08 Dec 2015
No two companies are identical, ever. Sometimes a company will spring up that seems to be a clone of an existing company, but on closer inspection there will always be some very important differentiating factors.
A classic example of this is the Samwer brothers, known for ‘cloning’ US companies for the European and general non-US market. I remember when they launched Paymill, essentially a clone of the wildly successful Stripe payment processor. At the time Stripe was only available to US companies, so while on the surface Paymill seemed like a rip-off of Stripe, right down to an identical API to the one that made Stripe so popular, there was one very big key difference: Paymill was available to businesses outside of the US, which happens to be a huge market.
Bare with me, there is a point to this rambling introduction. What I’m getting at is that while companies have competitors, it’s better to think of each company like circles in a Venn diagram, each with varying levels of overlap.
BugMuncher has a lot of competitors in the “Website Feedback” category, but not one of them is exactly the same as BugMuncher. They may have a different use-case, be aimed at different types of companies, have different features and integrations, etc.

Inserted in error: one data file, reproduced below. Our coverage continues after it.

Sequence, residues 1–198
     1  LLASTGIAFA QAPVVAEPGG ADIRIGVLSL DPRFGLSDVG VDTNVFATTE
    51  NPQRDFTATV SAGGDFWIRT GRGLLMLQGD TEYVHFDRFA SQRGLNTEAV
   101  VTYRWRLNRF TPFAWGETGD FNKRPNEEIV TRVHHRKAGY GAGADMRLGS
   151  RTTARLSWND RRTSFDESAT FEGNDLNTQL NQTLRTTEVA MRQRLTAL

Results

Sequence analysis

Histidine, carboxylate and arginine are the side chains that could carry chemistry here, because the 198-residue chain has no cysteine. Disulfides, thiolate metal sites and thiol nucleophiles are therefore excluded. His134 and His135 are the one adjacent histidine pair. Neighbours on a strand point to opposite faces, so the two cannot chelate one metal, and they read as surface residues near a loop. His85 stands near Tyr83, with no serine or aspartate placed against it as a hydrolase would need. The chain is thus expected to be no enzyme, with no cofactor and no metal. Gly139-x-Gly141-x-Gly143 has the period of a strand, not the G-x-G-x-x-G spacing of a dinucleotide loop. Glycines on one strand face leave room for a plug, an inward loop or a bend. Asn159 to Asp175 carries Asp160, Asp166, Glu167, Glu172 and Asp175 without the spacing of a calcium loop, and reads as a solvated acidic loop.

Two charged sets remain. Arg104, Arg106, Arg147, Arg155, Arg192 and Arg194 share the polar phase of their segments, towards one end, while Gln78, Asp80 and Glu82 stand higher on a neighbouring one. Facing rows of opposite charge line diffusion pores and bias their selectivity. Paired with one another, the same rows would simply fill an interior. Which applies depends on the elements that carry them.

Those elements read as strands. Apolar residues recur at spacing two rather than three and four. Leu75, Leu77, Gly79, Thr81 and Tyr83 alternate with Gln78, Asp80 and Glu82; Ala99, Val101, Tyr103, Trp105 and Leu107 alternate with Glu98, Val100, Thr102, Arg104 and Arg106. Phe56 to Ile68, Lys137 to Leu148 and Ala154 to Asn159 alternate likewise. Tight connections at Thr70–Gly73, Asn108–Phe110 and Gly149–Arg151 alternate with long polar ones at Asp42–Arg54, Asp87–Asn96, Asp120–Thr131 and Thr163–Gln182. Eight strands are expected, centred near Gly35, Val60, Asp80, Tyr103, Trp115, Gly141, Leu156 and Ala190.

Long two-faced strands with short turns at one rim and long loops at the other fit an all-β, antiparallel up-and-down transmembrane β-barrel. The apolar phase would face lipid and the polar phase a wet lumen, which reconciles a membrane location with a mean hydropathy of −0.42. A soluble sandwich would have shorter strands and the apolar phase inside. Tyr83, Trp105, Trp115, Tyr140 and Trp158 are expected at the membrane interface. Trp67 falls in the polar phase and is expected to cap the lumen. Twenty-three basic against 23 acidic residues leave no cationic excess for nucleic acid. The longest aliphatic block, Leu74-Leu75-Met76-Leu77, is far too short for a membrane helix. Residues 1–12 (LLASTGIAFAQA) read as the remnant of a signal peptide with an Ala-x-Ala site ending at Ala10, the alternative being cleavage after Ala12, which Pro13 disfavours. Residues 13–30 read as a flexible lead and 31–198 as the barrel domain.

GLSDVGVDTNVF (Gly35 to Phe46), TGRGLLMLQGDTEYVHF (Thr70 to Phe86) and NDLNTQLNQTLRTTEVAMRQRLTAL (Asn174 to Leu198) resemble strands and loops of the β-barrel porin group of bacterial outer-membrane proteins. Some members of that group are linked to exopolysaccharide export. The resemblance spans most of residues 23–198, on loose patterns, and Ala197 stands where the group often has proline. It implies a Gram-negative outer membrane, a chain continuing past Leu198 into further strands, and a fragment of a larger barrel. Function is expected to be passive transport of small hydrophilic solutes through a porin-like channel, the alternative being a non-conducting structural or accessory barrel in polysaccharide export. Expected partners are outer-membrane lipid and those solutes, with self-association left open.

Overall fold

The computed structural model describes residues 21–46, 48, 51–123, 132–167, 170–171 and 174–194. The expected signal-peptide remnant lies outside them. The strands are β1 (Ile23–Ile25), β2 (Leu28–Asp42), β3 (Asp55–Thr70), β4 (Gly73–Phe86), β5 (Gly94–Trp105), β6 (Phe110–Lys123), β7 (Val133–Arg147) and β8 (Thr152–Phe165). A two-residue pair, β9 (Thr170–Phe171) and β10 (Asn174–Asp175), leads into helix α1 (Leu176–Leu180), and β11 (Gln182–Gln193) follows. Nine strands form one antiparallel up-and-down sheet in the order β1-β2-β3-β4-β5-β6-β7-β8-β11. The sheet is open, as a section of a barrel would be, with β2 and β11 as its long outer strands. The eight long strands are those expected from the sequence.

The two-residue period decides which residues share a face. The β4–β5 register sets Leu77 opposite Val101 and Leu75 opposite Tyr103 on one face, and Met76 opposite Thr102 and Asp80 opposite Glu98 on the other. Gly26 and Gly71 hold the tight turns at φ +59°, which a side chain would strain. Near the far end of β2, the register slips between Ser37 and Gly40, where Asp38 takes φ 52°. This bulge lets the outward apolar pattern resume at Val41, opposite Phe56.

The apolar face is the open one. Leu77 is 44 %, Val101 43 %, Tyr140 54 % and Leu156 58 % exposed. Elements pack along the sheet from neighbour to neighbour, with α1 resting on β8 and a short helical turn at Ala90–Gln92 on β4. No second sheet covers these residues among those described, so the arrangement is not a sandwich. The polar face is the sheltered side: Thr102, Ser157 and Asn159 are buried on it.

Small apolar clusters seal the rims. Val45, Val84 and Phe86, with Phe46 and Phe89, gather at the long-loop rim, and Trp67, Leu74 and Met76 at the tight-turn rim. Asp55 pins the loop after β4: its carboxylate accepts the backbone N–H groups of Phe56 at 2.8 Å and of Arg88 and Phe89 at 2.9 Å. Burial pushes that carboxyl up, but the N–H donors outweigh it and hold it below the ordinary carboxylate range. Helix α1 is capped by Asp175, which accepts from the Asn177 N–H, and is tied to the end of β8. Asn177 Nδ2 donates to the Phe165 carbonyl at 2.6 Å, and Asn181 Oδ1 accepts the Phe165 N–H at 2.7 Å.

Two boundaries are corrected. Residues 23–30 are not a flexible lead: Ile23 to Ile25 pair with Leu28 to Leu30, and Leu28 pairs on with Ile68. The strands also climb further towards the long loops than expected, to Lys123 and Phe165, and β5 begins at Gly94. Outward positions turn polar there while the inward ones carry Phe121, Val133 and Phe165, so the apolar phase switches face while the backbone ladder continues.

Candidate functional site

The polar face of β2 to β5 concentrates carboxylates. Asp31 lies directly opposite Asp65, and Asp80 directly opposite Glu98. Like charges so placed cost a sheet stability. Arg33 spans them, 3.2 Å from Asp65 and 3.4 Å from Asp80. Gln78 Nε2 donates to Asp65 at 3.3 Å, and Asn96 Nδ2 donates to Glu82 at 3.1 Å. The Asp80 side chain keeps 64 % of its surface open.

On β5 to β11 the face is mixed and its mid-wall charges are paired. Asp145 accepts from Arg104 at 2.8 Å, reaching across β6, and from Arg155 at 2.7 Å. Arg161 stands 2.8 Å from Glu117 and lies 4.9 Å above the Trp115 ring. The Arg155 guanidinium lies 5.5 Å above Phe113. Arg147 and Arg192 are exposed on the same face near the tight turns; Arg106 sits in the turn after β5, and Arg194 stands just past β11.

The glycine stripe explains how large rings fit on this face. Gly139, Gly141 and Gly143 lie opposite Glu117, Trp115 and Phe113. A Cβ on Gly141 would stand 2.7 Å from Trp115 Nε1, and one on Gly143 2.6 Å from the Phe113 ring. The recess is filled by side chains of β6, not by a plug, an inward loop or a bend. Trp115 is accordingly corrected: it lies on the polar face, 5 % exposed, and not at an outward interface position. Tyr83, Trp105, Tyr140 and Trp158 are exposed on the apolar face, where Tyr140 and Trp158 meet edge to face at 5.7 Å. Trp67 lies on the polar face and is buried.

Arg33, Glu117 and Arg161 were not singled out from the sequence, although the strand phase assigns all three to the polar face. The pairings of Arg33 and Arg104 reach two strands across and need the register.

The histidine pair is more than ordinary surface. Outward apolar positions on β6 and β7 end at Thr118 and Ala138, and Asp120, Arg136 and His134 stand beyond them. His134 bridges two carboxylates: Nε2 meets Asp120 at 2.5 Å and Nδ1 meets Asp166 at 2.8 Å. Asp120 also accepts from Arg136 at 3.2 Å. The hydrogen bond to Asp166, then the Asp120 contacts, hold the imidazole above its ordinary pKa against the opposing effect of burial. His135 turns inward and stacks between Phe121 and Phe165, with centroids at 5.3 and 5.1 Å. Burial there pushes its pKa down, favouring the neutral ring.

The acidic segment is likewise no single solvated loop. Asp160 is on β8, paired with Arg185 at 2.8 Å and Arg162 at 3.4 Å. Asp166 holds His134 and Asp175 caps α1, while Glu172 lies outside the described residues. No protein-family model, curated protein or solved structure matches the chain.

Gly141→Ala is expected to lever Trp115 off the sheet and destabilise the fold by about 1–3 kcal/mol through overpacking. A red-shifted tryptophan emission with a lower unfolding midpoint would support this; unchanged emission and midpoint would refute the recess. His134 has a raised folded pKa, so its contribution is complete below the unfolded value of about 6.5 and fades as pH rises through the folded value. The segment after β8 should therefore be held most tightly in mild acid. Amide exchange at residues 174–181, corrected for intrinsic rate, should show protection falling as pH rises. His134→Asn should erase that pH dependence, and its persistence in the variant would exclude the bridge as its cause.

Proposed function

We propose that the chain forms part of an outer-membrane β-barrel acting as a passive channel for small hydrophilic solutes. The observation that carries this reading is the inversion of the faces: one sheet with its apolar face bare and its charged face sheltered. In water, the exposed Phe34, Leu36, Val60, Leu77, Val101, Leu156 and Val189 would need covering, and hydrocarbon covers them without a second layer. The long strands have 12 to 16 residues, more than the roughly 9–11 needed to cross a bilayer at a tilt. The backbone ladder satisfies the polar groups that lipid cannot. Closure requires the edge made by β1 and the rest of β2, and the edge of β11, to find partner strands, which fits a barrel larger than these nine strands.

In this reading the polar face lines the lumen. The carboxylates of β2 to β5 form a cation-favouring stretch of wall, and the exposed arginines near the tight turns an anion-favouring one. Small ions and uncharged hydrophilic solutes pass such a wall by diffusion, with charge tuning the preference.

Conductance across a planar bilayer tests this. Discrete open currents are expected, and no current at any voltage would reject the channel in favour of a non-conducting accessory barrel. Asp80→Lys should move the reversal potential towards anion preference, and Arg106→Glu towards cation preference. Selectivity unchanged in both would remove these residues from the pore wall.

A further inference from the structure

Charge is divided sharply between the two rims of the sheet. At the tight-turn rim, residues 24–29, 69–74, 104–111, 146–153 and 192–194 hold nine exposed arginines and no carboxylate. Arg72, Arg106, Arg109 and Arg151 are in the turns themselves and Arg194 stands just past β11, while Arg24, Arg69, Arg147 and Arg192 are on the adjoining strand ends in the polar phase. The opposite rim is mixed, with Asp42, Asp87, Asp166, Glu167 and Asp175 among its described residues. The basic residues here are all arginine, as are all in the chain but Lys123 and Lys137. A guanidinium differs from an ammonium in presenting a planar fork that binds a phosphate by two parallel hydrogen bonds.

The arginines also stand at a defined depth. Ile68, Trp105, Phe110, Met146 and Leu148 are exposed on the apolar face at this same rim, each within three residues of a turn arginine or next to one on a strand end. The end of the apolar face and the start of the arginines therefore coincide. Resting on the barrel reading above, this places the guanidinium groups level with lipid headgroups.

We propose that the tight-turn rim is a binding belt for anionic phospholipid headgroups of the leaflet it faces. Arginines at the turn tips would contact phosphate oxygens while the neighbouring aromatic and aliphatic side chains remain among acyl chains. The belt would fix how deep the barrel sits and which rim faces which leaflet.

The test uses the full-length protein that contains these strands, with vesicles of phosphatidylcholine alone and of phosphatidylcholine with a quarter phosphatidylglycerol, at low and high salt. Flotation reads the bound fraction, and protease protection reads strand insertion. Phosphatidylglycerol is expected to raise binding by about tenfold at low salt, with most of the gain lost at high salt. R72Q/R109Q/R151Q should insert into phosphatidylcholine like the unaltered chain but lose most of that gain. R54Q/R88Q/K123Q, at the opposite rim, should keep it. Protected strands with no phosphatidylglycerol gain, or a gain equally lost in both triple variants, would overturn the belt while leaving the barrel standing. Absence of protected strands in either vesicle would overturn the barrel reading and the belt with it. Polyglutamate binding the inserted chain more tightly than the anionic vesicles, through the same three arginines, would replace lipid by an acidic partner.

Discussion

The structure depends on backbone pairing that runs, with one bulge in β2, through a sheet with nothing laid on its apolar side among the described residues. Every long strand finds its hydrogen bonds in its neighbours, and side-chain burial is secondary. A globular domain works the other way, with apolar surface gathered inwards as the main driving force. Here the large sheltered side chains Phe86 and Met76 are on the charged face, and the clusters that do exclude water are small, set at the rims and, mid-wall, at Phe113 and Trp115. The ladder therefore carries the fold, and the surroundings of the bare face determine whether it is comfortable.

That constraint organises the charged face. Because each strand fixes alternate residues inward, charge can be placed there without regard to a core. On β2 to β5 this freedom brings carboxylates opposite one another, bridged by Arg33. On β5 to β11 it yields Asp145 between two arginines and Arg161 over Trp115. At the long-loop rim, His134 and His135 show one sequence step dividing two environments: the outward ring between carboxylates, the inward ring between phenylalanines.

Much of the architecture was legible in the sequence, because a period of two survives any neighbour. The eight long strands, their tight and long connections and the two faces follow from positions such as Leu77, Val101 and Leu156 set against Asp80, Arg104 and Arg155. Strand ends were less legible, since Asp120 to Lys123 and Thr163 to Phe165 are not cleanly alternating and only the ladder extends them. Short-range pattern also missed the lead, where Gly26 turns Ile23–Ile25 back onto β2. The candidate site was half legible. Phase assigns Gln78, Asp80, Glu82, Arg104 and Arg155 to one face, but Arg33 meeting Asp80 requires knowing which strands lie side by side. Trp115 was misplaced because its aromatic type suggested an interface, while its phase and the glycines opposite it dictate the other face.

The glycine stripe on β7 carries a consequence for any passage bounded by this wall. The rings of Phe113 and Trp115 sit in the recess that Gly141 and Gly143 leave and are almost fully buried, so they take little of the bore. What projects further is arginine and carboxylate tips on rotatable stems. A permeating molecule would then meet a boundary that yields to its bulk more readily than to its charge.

The point is BugMuncher isn’t the right tool for everyone, and that’s OK. I recently had a customer cancel BugMuncher, telling me they had been unsuccessful in getting their clients to use it. I replied telling them that I understood, and thanked them letting me know.
A few days later I had a bit of a radical thought: “BugMuncher isn’t aimed at getting design feedback from clients, they’d probably be better off with TrackDuck, or maybe Usersnap, I should tell them that.” So I emailed them back and recommended they checkout those alternatives to BugMuncher.
It was this thought, coupled with my love of automating things, that inspired me to add a new email into BugMuncher’s email cycle. From today if a customer lets their free trial expire without converting to a paid account, they will receive the following email a couple of days later:
It might seem like an odd move, but to me it just feels like the right thing to do - if someone doesn’t find what they’re looking for in BugMuncher, why not try to help them in their continued search?
I’m not looking for anything in return, and I have no deals with any of my competitors. I just enjoy helping people, and if I can do so while going against conventional business wisdom, even better.
Although I have to admit it’s not entirely a selfless act, it did give me something new to write about :)
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